We have problems with an inconsistency in their motor skills. If they are interested in something, they are very motivated and very skillful, such as typing on the computer to search their favorite Internet sites on the history of the railroad or to find a favorite movie clip or song on you-tube. But to get them to shampoo and rinse their hair is a real effort. Work an electric razor to shave themselves? No way. They get 'fish hands' as I like to call them...dead, floppy and weak. So we are constantly working with them to do more things on their own. They can dress themselves but can't tie shoes, and usually all of their clothes will be on backwards...even the underwear. :) And the list here could go on forever. They don't have healthy fears, such as traffic or strangers, which keeps us on our toes! :) And if you read my blog with any consistency at all, you know that they leave the refrigerator open, faucets running and are known to turn off the washer and dryer mid-cycle because they don't like the sound. Yes, never a dull moment here and we are always counting heads, monitoring activities and checking for anything dangerous or unusual happening. :)

My husband and I waver back and forth in needing help, asking for help, or not. Most of the time it is more stress than it is worth. People were much more willing to help out when the guys were adorable little toddlers. And let's face it, helping a teenage boy with toilet paper or getting in and out of the bathtub isn't as fun and some people are just plain uncomfortable with it. We have people volunteer to do something with them but quit after a time or two. I don't think they realize how long it takes to learn each boy by their habits, mannerisms, be able to anticipate what they would like or not like and why. And all three boys are different! It takes months of contact to be able to know them well. Since they are all autistic and triplets, they tend to be lumped together. Most don't realize that something Spencer might love to do or at least tolerate, might send Alex into a rage. We've had kind, well meaning people offer to help that have fizzled out after only a few tries. And on the opposite extreme from that we have been burned and hurt by what turned out to be nosy, gossipy people who really just wanted to be 'in the know' about our family and use the information against us. News travels fast in our little village and I don't think they realize how it eventually gets back to us, too.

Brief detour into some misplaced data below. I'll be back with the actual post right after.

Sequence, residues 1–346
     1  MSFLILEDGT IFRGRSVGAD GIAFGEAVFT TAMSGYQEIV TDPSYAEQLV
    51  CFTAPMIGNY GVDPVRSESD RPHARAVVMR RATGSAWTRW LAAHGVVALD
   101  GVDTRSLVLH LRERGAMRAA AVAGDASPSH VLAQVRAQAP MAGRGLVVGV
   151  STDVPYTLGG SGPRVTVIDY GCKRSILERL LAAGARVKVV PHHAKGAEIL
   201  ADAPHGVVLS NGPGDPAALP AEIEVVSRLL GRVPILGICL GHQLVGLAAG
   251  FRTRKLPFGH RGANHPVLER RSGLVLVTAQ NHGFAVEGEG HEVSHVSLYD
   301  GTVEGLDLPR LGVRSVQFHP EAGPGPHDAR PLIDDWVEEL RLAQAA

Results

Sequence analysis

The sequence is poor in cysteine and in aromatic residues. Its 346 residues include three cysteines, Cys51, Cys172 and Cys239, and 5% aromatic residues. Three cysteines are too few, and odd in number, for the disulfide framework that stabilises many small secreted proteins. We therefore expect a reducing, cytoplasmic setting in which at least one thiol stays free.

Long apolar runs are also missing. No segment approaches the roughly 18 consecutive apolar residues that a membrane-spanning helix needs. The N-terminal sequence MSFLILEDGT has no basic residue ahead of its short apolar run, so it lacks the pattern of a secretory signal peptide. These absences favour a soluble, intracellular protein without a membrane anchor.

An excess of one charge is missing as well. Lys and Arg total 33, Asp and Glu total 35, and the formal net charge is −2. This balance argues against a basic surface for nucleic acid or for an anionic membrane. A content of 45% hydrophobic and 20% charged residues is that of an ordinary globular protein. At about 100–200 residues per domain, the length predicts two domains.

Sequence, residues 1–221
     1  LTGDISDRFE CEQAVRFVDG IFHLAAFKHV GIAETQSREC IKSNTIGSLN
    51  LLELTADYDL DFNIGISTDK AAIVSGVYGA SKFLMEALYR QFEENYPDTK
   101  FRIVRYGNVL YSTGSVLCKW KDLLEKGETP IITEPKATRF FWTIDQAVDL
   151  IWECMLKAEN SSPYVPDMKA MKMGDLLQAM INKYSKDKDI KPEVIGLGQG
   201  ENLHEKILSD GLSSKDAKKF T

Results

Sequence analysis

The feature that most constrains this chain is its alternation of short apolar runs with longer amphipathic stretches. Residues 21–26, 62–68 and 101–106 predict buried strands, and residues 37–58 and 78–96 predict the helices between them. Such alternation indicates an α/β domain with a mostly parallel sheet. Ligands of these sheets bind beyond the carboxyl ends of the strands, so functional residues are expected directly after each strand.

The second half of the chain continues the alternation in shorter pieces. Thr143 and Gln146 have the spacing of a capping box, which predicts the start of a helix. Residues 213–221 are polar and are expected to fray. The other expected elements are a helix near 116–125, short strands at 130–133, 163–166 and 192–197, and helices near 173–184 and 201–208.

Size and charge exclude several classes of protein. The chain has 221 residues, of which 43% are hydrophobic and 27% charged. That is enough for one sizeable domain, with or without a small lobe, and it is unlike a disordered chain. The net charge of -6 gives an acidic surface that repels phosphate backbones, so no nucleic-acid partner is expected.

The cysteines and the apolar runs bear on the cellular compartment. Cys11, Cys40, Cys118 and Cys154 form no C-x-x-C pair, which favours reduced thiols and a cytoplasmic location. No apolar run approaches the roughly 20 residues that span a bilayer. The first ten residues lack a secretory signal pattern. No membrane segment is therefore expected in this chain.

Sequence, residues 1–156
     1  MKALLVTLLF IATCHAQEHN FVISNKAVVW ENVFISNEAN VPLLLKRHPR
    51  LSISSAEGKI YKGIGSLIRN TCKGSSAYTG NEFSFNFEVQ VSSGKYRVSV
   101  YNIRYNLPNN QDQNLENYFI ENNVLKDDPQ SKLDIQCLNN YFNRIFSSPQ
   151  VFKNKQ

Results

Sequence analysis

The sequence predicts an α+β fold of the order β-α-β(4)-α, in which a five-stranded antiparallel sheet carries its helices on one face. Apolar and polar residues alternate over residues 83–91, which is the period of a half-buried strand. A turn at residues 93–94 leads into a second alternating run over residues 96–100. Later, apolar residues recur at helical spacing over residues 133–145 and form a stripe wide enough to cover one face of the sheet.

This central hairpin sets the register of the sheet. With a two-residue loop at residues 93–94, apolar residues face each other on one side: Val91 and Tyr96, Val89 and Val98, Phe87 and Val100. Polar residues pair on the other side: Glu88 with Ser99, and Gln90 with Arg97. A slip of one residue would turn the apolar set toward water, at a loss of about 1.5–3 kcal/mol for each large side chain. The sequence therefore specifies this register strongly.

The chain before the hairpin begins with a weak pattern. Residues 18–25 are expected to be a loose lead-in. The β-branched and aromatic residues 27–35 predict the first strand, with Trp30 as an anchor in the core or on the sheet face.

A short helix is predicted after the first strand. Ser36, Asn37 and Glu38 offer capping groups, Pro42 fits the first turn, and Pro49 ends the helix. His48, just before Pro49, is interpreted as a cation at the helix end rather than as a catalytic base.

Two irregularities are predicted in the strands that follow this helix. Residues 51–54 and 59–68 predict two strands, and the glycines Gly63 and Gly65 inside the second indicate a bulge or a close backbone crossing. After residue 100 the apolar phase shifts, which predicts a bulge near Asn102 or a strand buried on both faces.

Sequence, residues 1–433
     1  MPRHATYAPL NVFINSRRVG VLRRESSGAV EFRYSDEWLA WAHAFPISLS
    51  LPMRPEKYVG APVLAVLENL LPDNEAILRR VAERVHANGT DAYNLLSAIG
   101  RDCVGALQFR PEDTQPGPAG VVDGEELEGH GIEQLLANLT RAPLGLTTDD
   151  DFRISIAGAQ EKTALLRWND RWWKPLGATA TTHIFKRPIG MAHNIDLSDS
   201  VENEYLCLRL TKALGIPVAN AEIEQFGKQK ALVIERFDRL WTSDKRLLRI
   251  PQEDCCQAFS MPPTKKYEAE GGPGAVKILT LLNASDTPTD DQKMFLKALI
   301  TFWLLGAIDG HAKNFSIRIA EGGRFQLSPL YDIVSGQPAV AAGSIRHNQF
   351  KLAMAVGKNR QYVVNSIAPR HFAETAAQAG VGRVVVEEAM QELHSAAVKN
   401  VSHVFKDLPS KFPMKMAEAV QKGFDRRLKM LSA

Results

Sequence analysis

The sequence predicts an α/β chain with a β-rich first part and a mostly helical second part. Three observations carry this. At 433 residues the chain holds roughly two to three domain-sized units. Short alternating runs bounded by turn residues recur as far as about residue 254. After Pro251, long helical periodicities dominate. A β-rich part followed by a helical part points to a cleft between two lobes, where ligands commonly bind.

Autism has taught me a lot. It's shown me how strong and resilient I can be. How the sun comes up even after the most horrible of days. And it's increased my faith in God and broadened it in directions that I never thought possible. Do I have all of my 'why' questions answered? No. But I'm a better person because of what I have gone through and continue to live with. I find myself content when others are complaining about the pettiest of problems. I don't sweat the little things. I feel I have a broader perspective of life and remember to see the big picture. And I feel I truly find beauty and happiness in the smallest of life's gifts. Why does God allow some people easy, carefree lives and others to have such heartache? And I worded that last sentence the way I did for a reason. Did God make my boys autistic? Does he give someone cancer? No. I believe he knows it will happen and still allows it to happen even though he could prevent it if he wished to. Yes, he allows the good and bad to happen to us. Being his child doesn't come with promises of a carefree life. Life is full of ugliness, hurt, and hardships. He knows what will happen and offers us strength and grace if we ask for it. Why? Well, for a lot of reasons, I think. One answer is in a scripture verse on my sidebar. "What a wonderful God we have. He is the Father of our Lord Jesus Christ, the source of every mercy, and the one who so wonderfully comforts and strengthens us in our hardships and trials. And why does he do this? So that when others are troubled, needing our sympathy and encouragement, we can pass on to them this same help and comfort God has given us." 2 Corinthians 1:3-5.